Your interests can be related to the arts, crime, news, sports and so much more. Writers for both print publications and online outlets are relied on to convey messages and provide information to curious audiences. Technology is always evolving, so the digital side of this career is growing more than the print side, which is slightly declining. However, there are readers for both sides and it’s helpful to have experience in both of these areas.
You’ll be on camera sitting at the desk delivering the morning or evening news. If you’re a sports guru, you’ll be sitting in the press box doing play-by-play or on the sideline making analyses or interviewing players. Knowledge and delivery of the information and news is crucial for this role because you must convey the message to viewers verbally. Although you’ll be speaking on camera, knowledge of grammar and language related to speech are needed to convey messages clearly while on-air. Having a comedic and personable aura doesn’t hurt either.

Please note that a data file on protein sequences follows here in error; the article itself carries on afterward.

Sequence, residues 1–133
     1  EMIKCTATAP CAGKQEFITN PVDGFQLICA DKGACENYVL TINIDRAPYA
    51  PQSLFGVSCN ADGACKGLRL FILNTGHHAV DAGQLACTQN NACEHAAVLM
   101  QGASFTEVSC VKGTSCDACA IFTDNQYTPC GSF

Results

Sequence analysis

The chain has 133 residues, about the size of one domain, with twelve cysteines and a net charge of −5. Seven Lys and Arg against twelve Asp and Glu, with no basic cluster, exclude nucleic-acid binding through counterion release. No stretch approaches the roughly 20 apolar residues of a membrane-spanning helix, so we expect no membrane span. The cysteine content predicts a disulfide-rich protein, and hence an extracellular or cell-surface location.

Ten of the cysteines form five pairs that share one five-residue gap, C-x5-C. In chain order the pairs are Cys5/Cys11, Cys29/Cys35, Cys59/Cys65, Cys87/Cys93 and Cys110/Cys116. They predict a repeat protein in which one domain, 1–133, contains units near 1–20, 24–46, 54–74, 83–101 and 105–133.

Talk about conveying messages clearly. Have you ever watched a commercial and wondered, “what are they trying to tell or sell me?” This is yet another journalism career path that requires strong knowledge of grammar and rhetoric techniques. You must know what draws viewers or listeners in about a specific brand, company or product as well as make the product look enticing. Having an eye for enticing graphics, popular celebrities (that make sense with the product) as well as an ear for music, when applicable, are all skills an advertiser should possess. However, the basis of commercials is always the text or the dialogue, which journalism majors should be pros at producing.
This is the perfect career for a brilliant writer and photographer. This career is important for visually documenting events and telling people what happened through a written and visual element. Caption writing is an important part of this job, which is where the written portion comes in. You must be able to describe what is going on in your photos, as to not confuse viewers. Photojournalists capture the world’s most iconic images for every event imaginable. They are on the front lines and often put their craft before themselves in order to tell a story.
- Digital Producer